Emilia Clarke Has Opened Up About The Paramedics That Kept Her Calm After Her Two Brain Haemorrhages
The 33-year-old's dreams had come true at the start of 2011, having completed filming the first season of the HBO series, in which she plays Daenerys Targaryen.
But then, she was struck with a subarachnoid haemorrhage - a life-threatening type of stroke, caused by bleeding into the space surrounding the brain.
In the aftermath of her first surgery she suffered from aphasia, a language impairment which meant she couldn't remember her own name. In her worst moments she 'wanted to pull the plug'.
Reflecting on the terrifying experience in PEOPLE's first ever kindness issue, Clarke said she received 'unbelievable' support from emergency services, medical staff and her family.
She said: "It was a brain aneurysm that ruptured, and it was pretty traumatic. The paramedics were unbelievable. They'd given me drugs so I was in less pain, wrapped me up like a tortilla and made me laugh the whole way to the hospital. There I was, bleeding in the brain, and there we were in this ambulance having an absolute giggle. They were so gracious.
"There was also my mum, when she went into mum superpower in the hospital: I had aphasia and she looked at me and went, 'Yeah, I know exactly what you mean'. She made me believe she understood exactly what I was saying. It was genuinely her greatest moment.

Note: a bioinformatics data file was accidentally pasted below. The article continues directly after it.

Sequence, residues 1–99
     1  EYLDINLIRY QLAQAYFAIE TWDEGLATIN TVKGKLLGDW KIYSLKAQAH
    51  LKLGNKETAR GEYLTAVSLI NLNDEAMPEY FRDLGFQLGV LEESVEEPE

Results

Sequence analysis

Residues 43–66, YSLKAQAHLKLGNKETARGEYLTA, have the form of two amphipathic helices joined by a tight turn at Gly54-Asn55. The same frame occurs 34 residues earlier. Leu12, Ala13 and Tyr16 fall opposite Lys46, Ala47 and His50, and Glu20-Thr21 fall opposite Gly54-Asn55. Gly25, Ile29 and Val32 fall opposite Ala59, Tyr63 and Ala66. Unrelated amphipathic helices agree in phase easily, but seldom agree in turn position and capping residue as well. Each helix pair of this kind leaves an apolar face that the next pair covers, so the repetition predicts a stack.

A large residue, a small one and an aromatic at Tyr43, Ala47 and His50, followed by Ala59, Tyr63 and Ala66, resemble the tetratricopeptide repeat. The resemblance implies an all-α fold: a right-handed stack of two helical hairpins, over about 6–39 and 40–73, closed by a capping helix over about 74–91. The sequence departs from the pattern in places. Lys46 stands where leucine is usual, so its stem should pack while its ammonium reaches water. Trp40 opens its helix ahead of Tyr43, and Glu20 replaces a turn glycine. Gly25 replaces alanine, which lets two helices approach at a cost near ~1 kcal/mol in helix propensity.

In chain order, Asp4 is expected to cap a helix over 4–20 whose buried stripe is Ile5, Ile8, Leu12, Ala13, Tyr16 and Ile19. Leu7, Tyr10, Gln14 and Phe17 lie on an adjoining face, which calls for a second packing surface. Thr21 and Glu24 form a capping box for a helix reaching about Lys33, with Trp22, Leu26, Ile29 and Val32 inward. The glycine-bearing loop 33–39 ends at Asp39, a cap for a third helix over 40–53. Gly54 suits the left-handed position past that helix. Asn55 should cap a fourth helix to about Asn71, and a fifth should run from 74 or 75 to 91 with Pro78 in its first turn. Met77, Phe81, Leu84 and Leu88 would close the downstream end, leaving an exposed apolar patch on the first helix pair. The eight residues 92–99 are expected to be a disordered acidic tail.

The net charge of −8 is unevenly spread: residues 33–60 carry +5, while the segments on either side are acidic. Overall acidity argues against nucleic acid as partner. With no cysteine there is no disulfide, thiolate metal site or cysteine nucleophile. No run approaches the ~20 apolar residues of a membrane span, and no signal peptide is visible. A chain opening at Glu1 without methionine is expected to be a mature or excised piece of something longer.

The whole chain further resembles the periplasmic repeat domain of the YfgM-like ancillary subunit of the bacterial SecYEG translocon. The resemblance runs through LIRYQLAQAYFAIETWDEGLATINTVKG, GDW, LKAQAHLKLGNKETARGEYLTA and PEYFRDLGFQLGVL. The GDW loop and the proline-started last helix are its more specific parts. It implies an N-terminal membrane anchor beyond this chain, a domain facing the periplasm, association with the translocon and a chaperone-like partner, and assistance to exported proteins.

"And every single nurse I came across was so kind. It's why I became ambassador to the Royal College of Nursing in 2018. Nurses are the unsung heroes, they're at people's most frightening moments."
While Clarke was in hospital receiving treatment, she was told she had a second smaller aneurysm that would need to be closely monitored. But by 2013, it had doubled in size and the procedure to remove it failed, resulting in a massive brain bleed which forced doctors to perform emergency surgery.
After a long and painful recovery process, Clarke of course went on to star in all eight seasons of Game of Thrones. Beyond that, she also launched her own charity earlier this year, SameYou, which aims to broaden neuro-rehabilitation access for young people after a brain injury or stroke.
She said: "The whole experience inspired me to launch my charity SameYou. People's lives are transformed completely after a brain injury, and the core of our work is recovery - it's not just the first weeks that you need help, you still need help for years.
"I wanted to match someone with a consistent person who has the answers and can hold their hand and tell them that they're not alone.
"Being there when someone is scared, confused or angry is one of the kindest things you can do."
Featured Image Credit: PA